You are a forest owner. How does this inform your view of wood construction?
It’s exciting. I can now see that you can produce more forest depending on how you manage it, which provides a platform for developing a fossil free society. I’ve noted that most people are positive about increasing wood construction. But there is also a conflict between the management perspective and the preservation perspective, which says that you shouldn’t exploit the forests. Based on my personal experience and knowledge of the serious work that goes on in forestry, I believe we can increase production while simultaneously promoting biodiversity.
What is your view on the development of wood construction?
A wood construction programme began around the turn of the millennium, with a certain amount of political support, in order to somehow reset the balance, after concrete had had things all its own way for a century or so. It was important for competition and not least because the construction sector wasn’t, and still isn’t, very efficient, which makes it so important to industrialise the building process. The programme led to the formation of clusters that still remain active today, including Träcentrum Norr in Skellefteå and CBBT in Växjö. Universities, colleges, businesses, and to some extent also regions or municipalities, all took part. These clusters are unique in Europe.
At around the same time, two initiatives were started at European level. The Confederation of European Wood Working Industries (Cei-Bois) launched Roadmap 2010, with the aim of increasing the use of wood, an initiative that continues to this day. This addressed all the technical areas: fire, statics, sound and moisture, but also health, which has been extremely significant and helped to promote the growth of the glulam and CLT industry.
A European joint venture was also set up to expand the market beyond Europe. We have helped to establish a basic standard for building in wood in the world’s biggest construction market. In 2015, the field received a further boost when the Chinese authorities decided to raise the proportion of wood construction for climate reasons and, in parallel, to increase the industrialisation of its building processes.
Is there enough forest to build a fossil free society?
We naturally can’t meet the demands as expressed in the various roadmaps for becoming fossil free in the various sectors of society, such as construction, transport, the steel industry, and so on. We need to make our industrial processes much more efficient, but consumers also have to change their behaviour. We must use every type of resource in the most effective way possible. We are likely to be building houses in a completely different way 10 years from now. The wood sector needs to be proactive and embrace hybrid technologies in order to use the different materials in the most appropriate contexts.
What about Swedish Wood’s target of ‘50 percent wood construction’?
The wood construction industry has launched a ‘target’ aimed at our politicians and decision-makers, with a promise that wood construction can account for 50 percent of high-rise buildings and 30 percent of other construction by 2025 (not including low-rise housing, 90 percent of which is already built in wood). Capacity is currently being expanded. The target is based on the study ‘Industrial building in wood’1, which was published by Linköping University, in collaboration with Luleå University of Technology, in 2017. The study also showed that the target for 2025 would reduce the burden of carbon emissions by 1 million tonnes and could generate around 10,000 new jobs outside the metropolitan regions.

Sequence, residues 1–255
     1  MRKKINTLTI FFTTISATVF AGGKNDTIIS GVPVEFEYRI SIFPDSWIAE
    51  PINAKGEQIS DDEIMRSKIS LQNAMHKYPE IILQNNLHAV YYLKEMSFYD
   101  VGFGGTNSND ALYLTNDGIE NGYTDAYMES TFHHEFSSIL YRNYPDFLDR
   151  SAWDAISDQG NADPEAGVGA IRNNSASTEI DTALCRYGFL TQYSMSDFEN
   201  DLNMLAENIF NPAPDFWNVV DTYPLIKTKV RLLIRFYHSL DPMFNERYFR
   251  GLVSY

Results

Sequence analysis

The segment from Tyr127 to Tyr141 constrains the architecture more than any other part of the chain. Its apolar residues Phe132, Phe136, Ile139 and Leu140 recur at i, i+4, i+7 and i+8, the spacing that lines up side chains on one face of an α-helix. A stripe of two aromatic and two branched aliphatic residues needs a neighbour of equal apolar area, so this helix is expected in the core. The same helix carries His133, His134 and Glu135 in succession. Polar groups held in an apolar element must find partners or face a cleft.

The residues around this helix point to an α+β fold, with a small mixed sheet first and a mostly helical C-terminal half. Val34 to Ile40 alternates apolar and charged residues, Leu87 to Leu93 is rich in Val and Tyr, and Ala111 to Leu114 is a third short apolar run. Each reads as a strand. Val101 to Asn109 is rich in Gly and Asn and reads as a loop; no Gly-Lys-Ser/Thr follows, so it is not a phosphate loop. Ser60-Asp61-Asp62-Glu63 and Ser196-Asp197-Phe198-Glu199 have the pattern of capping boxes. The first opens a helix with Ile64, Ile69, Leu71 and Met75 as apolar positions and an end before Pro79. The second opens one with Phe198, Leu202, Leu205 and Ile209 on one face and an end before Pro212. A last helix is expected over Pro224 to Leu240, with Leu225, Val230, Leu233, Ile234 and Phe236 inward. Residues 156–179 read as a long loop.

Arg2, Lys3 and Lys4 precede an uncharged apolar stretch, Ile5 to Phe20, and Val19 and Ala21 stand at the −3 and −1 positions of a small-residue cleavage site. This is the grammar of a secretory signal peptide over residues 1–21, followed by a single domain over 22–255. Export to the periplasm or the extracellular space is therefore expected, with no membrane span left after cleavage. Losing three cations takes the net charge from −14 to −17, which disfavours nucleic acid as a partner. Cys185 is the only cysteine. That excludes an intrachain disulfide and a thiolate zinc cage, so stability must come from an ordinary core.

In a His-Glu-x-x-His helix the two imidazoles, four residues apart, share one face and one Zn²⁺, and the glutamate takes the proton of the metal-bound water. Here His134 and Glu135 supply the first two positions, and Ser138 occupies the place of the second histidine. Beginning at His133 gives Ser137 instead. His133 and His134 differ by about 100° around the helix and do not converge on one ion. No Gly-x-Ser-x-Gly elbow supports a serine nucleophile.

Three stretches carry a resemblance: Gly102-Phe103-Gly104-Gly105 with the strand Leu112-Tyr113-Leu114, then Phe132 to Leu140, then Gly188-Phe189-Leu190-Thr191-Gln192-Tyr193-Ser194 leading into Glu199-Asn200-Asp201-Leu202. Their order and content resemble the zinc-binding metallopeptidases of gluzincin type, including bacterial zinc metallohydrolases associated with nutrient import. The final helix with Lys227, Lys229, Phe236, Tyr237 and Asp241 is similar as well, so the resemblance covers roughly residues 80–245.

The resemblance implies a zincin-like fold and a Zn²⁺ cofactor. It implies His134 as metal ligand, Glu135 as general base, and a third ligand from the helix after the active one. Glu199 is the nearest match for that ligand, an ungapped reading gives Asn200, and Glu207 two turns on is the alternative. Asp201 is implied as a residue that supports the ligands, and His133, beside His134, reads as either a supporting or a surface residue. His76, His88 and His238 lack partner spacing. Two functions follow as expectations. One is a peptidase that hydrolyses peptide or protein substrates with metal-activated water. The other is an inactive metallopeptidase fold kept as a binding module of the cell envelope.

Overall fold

What is required from the politicians?
In this country, we have several initiatives that point towards a bioeconomy, but there is no clear bioeconomic strategy. There are various initiatives, including Fossil Free Sweden and a Swedish forestry programme, aimed at achieving our set climate objectives. The EU has also drawn up clear climate objectives. But we need to connect all this up and clearly establish the actions that a bio-based society requires. In Sweden, and in Europe as a whole, there is a need for construction that is affordable and accessible to broad groups of society. It is here that wood construction is at its strongest and where the demand exists.
Then we have other issues, such as boosting wood construction by resolving land issues and so on. But the main point is for politicians to be forthright on climate-related requirements and jointly set up an infrastructure for building up knowledge. Assuming that we are committed to shifting society towards a bioeconomy, with the wood engineering sector as a key player, we face a lack of academic competence even at many of the leading universities. If we are serious, we therefore need to create academic capacity for expanding knowledge, education and dissemination.
What is the future of the wood construction sector?
The industry is investing and developing, and a lot is happening right now. It is taking responsibility for the sustainable development of both the forest resource and the processing industry that refines the raw material.
Swedish Wood has a clear mandate from the industry to advance the development of wood construction, amongst other things. Digital tools are also being created to support this development. Digitalisation allows a small company, for example, to be involved in a larger, more complex business model – we can create a ‘virtual company’. This work will help the sector to continue advancing as its market advances.
1. Industriellt byggande i trä, Staffan Brege, Tomas Nord and Lars Stehn, 2017, liu.diva-portal.org/smash/get/diva2:1153498/FULLTEXT01
text David Valldeby